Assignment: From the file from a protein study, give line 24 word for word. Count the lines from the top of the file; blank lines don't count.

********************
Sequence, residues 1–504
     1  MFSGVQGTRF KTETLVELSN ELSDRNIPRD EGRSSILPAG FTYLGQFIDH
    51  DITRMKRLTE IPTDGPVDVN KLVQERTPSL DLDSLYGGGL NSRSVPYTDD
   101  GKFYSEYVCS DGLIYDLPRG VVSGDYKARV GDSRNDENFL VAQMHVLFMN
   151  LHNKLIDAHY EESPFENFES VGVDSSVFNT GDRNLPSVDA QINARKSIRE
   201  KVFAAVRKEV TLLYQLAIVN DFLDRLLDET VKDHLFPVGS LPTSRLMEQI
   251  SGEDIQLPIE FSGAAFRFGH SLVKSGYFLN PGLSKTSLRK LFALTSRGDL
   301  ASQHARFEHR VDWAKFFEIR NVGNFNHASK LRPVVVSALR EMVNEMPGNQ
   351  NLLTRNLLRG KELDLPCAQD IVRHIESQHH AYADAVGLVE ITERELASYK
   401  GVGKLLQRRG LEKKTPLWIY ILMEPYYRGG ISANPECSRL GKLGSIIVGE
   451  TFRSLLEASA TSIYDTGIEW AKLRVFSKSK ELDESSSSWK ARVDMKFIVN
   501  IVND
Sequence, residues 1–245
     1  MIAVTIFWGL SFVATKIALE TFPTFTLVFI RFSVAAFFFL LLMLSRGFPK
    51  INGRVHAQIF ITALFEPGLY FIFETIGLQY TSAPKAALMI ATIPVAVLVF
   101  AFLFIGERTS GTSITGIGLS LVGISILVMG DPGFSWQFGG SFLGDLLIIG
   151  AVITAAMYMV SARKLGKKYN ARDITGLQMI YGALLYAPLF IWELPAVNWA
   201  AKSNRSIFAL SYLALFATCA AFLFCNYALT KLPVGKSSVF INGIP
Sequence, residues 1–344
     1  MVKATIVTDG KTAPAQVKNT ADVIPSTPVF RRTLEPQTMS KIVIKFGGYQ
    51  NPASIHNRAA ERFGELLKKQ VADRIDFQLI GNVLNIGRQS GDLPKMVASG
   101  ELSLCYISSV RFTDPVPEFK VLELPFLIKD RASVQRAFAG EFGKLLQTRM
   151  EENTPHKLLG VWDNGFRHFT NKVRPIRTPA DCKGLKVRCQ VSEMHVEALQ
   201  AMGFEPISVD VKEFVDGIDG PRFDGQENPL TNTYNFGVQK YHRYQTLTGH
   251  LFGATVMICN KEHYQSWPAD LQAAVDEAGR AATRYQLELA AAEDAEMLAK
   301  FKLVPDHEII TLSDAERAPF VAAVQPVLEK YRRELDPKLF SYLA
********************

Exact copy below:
   201  AMGFEPISVD VKEFVDGIDG PRFDGQENPL TNTYNFGVQK YHRYQTLTGH